The McCallisters would still be on the hook for the damaged laundry chute, which costs an estimated $434 to replace.

Claim 9: Broken Christmas ornaments

Estimated cost of damage: $90

Claim verdict: Approved

When Marv tries to sneak in through the back window, he steps on a pile of ornaments Kevin scattered on the floor. Marv is also barefoot, losing his shoes to Kevin’s previous traps.

A few packs of shatterproof ornaments cost about $90 on the lower end. If the McCallisters had HO-5 insurance, their insurer might’ve covered this broken personal property. However, the replacement cost wouldn’t meet the deductible unless their ornaments were collectible.

Claim 10: The Murphy family’s flooding

Estimated cost of damage: $30,614

Claim verdict: Approved

Though all of Kevin’s traps are costly, Marv causes the most expensive damage in the film. The McCallisters’ neighbors, the Murphys, are also targeted by the Wet Bandits. After burglarizing the Murphys, Marv plugs up the kitchen sink and leaves the water running, explaining how the Wet Bandits earned their moniker.

The overflowing water from the clogged sink trickles to the basement, causing tens of thousands of dollars in water damage.

Removing water and dehumidifying the basement costs an estimated $2,938, and that’s just the beginning of a long list of repairs. Full home mold remediation adds $2,877. Flooding is also a common cause of water heater failure, so the Murphys would need to replace the appliance and have it installed for $3,994.

Then, a contractor would need to replace the damaged floors with new luxury vinyl flooring, costing a staggering $19,789. To top it all off, the baseboard would need to be replaced and resealed for $1,016.

The Murphys would need to pay approximately $30,614 to repair damages from the Wet Bandits’ spree. But there’s some good news for the Murphys.

“The proximate cause is vandalism. So, this water damage would be covered under a standard HO-3 policy,” says Desai.

The total cost of leaving Kevin McCallister home alone

Kevin takes most of the blame for destroying his family’s home. However, the 8-year-old caused less than 20% of the total $37,950 in damages that occurred across both houses while his parents were away.

Kevin’s booby traps and attempts to deter the Wet Bandits add up to a staggering $6,406 in contractor repair bills for the McCallisters. Add in the broken Christmas ornaments and new shelves, and Kevin caused approximately $6,736 worth of damages in “Home Alone.”

The delivery driver from the beginning of the movie likely dented the McCallisters’ $600 lawn statue. In addition, the Wet Bandits caused $30,614 in water damage in the Murphy family’s house.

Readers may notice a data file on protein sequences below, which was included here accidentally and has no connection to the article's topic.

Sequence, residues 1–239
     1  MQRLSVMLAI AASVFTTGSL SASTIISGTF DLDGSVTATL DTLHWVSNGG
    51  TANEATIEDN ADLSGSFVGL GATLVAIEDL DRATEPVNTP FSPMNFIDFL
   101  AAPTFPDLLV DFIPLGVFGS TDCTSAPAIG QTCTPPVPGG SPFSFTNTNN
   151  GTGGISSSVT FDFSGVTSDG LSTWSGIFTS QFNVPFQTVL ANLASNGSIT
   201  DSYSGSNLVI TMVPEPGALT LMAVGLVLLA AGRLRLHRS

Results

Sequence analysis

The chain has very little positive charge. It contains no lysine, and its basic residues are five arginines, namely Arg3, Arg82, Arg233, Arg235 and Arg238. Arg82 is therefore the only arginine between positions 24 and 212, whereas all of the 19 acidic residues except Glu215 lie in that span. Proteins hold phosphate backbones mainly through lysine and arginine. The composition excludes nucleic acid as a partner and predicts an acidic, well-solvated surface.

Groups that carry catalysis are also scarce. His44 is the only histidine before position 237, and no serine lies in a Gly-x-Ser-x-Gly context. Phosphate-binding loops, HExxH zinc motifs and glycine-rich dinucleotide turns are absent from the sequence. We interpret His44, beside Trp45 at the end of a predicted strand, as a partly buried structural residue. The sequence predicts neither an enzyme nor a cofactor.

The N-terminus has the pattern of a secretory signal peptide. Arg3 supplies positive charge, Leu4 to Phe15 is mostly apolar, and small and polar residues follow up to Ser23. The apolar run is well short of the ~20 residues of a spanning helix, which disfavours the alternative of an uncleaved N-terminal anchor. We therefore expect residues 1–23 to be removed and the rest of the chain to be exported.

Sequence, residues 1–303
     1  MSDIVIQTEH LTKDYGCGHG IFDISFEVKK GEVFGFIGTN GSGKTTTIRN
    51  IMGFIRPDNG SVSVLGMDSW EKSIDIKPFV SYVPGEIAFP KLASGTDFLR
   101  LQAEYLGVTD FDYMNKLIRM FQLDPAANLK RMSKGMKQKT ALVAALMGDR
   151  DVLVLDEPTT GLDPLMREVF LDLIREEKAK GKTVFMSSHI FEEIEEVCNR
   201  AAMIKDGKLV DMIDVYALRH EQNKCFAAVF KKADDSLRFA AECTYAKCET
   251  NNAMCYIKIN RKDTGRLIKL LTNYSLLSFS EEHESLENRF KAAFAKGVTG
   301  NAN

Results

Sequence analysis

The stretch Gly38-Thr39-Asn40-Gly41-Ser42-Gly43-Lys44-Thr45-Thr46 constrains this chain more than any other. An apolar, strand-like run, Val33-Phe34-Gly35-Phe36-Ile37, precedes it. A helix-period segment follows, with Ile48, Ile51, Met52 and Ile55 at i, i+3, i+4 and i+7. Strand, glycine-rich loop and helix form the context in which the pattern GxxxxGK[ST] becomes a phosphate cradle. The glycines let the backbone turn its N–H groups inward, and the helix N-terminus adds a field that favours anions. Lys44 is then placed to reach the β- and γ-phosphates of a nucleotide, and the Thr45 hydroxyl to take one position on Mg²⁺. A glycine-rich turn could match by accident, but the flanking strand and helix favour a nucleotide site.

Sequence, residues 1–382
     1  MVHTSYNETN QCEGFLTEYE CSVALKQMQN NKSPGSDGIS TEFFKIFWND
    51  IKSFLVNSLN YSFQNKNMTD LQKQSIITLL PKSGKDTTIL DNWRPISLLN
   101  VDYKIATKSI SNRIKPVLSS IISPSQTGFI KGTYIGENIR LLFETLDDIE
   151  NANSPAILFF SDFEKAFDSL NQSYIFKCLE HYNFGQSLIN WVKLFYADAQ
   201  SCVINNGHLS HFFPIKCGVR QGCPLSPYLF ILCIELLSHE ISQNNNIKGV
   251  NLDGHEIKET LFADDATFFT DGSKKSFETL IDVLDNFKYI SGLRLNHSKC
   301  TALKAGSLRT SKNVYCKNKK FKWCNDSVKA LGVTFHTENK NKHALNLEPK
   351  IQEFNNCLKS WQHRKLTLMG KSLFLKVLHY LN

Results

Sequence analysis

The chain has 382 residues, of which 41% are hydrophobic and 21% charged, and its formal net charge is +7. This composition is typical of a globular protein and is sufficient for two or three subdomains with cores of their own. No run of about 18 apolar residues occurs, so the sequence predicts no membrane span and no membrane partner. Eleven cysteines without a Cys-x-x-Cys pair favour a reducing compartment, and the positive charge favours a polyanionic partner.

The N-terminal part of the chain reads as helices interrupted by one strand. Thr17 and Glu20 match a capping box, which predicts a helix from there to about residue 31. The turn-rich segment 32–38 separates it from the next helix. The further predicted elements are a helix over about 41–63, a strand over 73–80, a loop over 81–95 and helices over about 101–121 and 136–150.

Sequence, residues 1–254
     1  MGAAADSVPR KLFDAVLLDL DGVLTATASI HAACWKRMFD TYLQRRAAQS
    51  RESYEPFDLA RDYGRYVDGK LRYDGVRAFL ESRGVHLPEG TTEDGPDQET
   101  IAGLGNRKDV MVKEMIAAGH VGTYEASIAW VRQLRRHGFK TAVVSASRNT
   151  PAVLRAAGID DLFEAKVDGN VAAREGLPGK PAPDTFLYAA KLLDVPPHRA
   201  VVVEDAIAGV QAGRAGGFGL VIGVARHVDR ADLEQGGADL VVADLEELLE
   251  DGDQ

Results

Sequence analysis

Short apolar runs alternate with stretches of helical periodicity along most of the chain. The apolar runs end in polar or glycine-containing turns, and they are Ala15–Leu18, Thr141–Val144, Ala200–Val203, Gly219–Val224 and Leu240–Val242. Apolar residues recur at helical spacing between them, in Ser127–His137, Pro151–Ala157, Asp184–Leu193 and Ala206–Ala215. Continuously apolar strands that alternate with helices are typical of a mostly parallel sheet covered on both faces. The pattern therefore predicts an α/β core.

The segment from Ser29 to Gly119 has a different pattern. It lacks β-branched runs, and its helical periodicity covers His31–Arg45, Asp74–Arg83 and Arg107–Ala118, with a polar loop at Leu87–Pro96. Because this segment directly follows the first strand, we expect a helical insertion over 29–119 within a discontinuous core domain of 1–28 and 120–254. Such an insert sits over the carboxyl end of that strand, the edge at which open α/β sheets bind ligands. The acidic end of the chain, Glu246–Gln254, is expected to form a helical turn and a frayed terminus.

Unfortunately for the Murphys, their water damage quote could be much higher depending on the extent of the damages.

“If the water was running for days at a house, the flooring and the subflooring are likely ruined. To repair this, you may have to remove and replace cabinets, baseboards, and potentially some amount of drywall. If the home is older and constructed before drywall was commonly used, it costs even more,” says Jeremy Henley, founder and CEO at TheQwikFix.

Would the Wet Bandits have personal injury cases?

Liability law separates people into three categories, informing the duty that the homeowner owes them. The categories include invitees, licensees, and trespassers.

Invitees are guests and have the highest duty of care. Licensees are social guests who are allowed to use the property, but the owner must clear up hidden dangers or warn licensees to prevent injury.

With trespassers like the Wet Bandits, homeowners only have a duty to refrain from intentionally injuring them, Rhatigan explains.

“Any traps outside the house are illegal, and the McCallisters could be found liable for those injuries (e.g., the airsoft shot through the door, the fall down the iced stairs, and the burn from the doorknob), but everything inside the house should be considered defense of dwelling,” says Rhatigan.

“However, if a court finds Kevin was willful or wanton, that might eliminate his defense and allow the Wet Bandits to win their claim. Any traps set off while the Wet Bandits were seeking to escape the house might also be unreasonable and grounds for an injury suit.”

Would homeowners insurance cover “Home Alone” damages?

Kevin caused most of the damages intentionally. So, unfortunately for the McCallisters, their homeowners insurance would probably only cover $928 for the broken shelves and ornaments — and that’s only if they had a more comprehensive HO-5 policy instead of standard HO-3 insurance.

If the McCallisters had a $1,000 deductible, they wouldn’t receive any reimbursement. However, the pizza delivery driver’s policy might pay for a new $600 lawn jockey.

The Murphys would fare much better. The cause of the water damage was malicious mischief, so homeowners insurance would cover repairs after the Murphys paid their deductible.

This article originally appeared on Insurify and was syndicated by MediaFeed.